Flasher Floats – An Underrated Piece of Equipment for Bluewater Spearfishing
While flasher floats are not necessarily considered essential equipment for spearfishing, or even bluewater spearfishing, they are extremely valuable. This float is a versatile tool, that makes bluewater spearfishing simpler and more effective. These floats can take many forms and designs, but one thing is consistent with them. They are relatively small, and are designed for holding a few pieces of gear at or near the surface, which frees up a divers hands for more important work.
Flasher Floats to Hold Flashers
The primary purpose of these floats is to hold a flare, or flasher rig as a specific depth form the surface. The value of flashers is often under appreciated by the novice bluewater diver. Divers with more experience understand that the ocean is big. Any edge you can have to attract your targeted species towards you can be the difference between an extremely boring day, and the best day of your life. Set flasher floats to various depths. Some of the factors in the depth you put your flashers should be based on your own dive ability. There is no point in setting your flashers to 60 feet if you can’t dive that deep. Another important factor is the expected depth of the fish. Flashers should help bring fish up from depth, and in from out of range.
Chum or Burley
One underutilized use of a flasher float is for chumming, or burlying as the Australians call it. This is done by shooting a fish you intend to cut up in the water. After you subdue that fish you can use some of the excess line on the float to do some impromptu hitches around the fish’s tail. From there you simple use your dive knife to cut away small pieces of the fish and let them drop into the water. The sales, oils, and chunks of fish dropping into the depths should help bring in more fish.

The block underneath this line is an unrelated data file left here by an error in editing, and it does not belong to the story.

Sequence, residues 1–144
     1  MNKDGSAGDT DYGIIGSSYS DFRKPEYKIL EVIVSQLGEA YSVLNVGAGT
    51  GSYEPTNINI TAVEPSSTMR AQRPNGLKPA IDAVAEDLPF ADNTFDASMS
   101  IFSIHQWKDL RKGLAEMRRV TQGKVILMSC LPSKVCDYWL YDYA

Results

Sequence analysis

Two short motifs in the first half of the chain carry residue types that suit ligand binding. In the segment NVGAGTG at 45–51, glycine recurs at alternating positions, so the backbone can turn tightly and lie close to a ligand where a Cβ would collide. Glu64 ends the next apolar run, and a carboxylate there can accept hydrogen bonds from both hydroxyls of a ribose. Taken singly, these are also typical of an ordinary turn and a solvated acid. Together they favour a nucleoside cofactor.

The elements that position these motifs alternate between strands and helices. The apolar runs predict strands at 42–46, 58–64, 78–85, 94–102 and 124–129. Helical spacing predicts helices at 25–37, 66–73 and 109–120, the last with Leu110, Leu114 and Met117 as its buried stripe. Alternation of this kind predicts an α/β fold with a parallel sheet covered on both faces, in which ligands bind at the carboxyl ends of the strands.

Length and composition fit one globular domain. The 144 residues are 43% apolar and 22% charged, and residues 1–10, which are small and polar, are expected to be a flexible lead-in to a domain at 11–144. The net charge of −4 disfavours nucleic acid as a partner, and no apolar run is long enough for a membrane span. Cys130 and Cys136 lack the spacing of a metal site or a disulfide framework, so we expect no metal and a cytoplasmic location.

Key Benefit to Using a Flasher Float
There are several reasons to use one of these floats. One of the biggest is that it allows you to easily stop maintaining the flasher rig and focus on spearfishing. This is not so easily done if you just attach your flasher to your spearfishing float. The problem with attaching the flasher to the spearfishing foot is that the flasher is about 100 feet behind you, or however long your floatline is. Targeted fish 100 feet behind you does very little for getting them in the boat. It is also important to not have your flasher rig directly attached to you. It is not uncommon for sharks to come up and bit flashers and swim away with them.